High temporal resolution parametric MRI monitoring of the initial ischemia/reperfusion phase in experimental acute kidney injury.

Pohlmann A, Hentschel J, Fechner M, Hoff U, Bubalo G, Arakelyan K, Cantow K, Seeliger E, Flemming B, Waiczies H, Waiczies S, Schunck WH, Dragun D, Niendorf T - PLoS ONE (2013)

Change of renal T2* and T2 during hypoxia, hyperoxia, ischemia and reperfusion.Shown are T2* and T2 difference maps of the kidney (color-coded, overlay on anatomical MR image) between the last time point in each experiment phase and baseline. The three interventions (hypoxia, hyperoxia, ischemia) led to a reasonably homogeneous decrease/increase in both parameters. During ischemia the magnitude of the T2*/T2 reduction exceeded that during hypoxia. Parameter changes in the reperfusion phase clearly differentiated cortex and medulla: while medullary T2*/T2 remained reduced throughout reperfusion, in the cortex T2* returned to baseline and T2 rose above baseline.
© Copyright Policy
Related In: Results  -  Collection

Show All Figures
getmorefigures.php?uid=PMC3585384&req=5

pone-0057411-g006: Change of renal T2* and T2 during hypoxia, hyperoxia, ischemia and reperfusion.Shown are T2* and T2 difference maps of the kidney (color-coded, overlay on anatomical MR image) between the last time point in each experiment phase and baseline. The three interventions (hypoxia, hyperoxia, ischemia) led to a reasonably homogeneous decrease/increase in both parameters. During ischemia the magnitude of the T2*/T2 reduction exceeded that during hypoxia. Parameter changes in the reperfusion phase clearly differentiated cortex and medulla: while medullary T2*/T2 remained reduced throughout reperfusion, in the cortex T2* returned to baseline and T2 rose above baseline.
Mentions: Changes in renal T2* and T2 during hypoxia, hyperoxia, ischemia and reperfusion are illustrated in Figure 6 by T2* and T2 difference maps. Hypoxia/hyperoxia led to a rather uniform T2*/T2 reduction/rise across the kidney. The T2*/T2 reduction in ischemic kidneys exceeded that during hypoxia. Changes in the course of reperfusion clearly differentiated cortex and medulla. In accordance with the ROI data medullary T2*/T2 remained reduced throughout reperfusion, cortical T2* returned to baseline and cortical T2 even rose markedly above baseline.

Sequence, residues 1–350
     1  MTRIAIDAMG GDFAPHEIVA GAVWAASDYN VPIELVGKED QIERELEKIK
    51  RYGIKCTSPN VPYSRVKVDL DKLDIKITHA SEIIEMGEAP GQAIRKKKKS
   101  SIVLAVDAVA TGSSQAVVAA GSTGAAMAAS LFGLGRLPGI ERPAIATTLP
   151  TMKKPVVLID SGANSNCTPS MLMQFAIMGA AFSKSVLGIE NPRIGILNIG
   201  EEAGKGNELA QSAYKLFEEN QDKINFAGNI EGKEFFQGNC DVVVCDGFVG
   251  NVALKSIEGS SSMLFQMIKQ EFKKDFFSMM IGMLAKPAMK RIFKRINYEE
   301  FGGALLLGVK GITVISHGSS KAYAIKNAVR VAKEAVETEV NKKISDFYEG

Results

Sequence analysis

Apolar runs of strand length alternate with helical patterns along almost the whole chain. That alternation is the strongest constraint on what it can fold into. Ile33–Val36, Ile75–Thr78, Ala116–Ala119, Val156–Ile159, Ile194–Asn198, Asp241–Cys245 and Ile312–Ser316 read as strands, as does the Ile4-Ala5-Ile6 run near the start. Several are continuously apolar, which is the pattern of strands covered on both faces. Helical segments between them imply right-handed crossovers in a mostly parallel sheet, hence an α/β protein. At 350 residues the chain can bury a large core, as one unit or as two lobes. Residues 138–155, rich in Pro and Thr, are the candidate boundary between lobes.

Bottom Line: There is an unmet need to better understand the mechanisms operative during the initial phase of ischemic AKI.Our study demonstrated for the first time that continuous and high temporal resolution parametric MRI is feasible for in-vivo monitoring and characterization of I/R induced AKI in rats.This technique may help in the identification of the timeline of key events responsible for development of renal damage in hypoperfusion-induced AKI.

View Article: PubMed Central - PubMed

Affiliation: Berlin Ultrahigh Field Facility, Max Delbrück Center for Molecular Medicine, Berlin, Germany. andreas.pohlmann@mdc-berlin.de

ABSTRACT
Ischemia/reperfusion (I/R) injury, a consequence of kidney hypoperfusion or temporary interruption of blood flow is a common cause of acute kidney injury (AKI). There is an unmet need to better understand the mechanisms operative during the initial phase of ischemic AKI. Non-invasive in vivo parametric magnetic resonance imaging (MRI) may elucidate spatio-temporal pathophysiological changes in the kidney by monitoring the MR relaxation parameters T2* and T2, which are known to be sensitive to blood oxygenation. The aim of our study was to establish the technical feasibility of fast continuous T2*/T2 mapping throughout renal I/R. MRI was combined with a remotely controlled I/R model and a segmentation model based semi-automated quantitative analysis. This technique enabled the detailed assessment of in vivo changes in all kidney regions during ischemia and early reperfusion. Significant changes in T2* and T2 were observed shortly after induction of renal ischemia and during the initial reperfusion phase. Our study demonstrated for the first time that continuous and high temporal resolution parametric MRI is feasible for in-vivo monitoring and characterization of I/R induced AKI in rats. This technique may help in the identification of the timeline of key events responsible for development of renal damage in hypoperfusion-induced AKI.

Show MeSH
Related in: MedlinePlus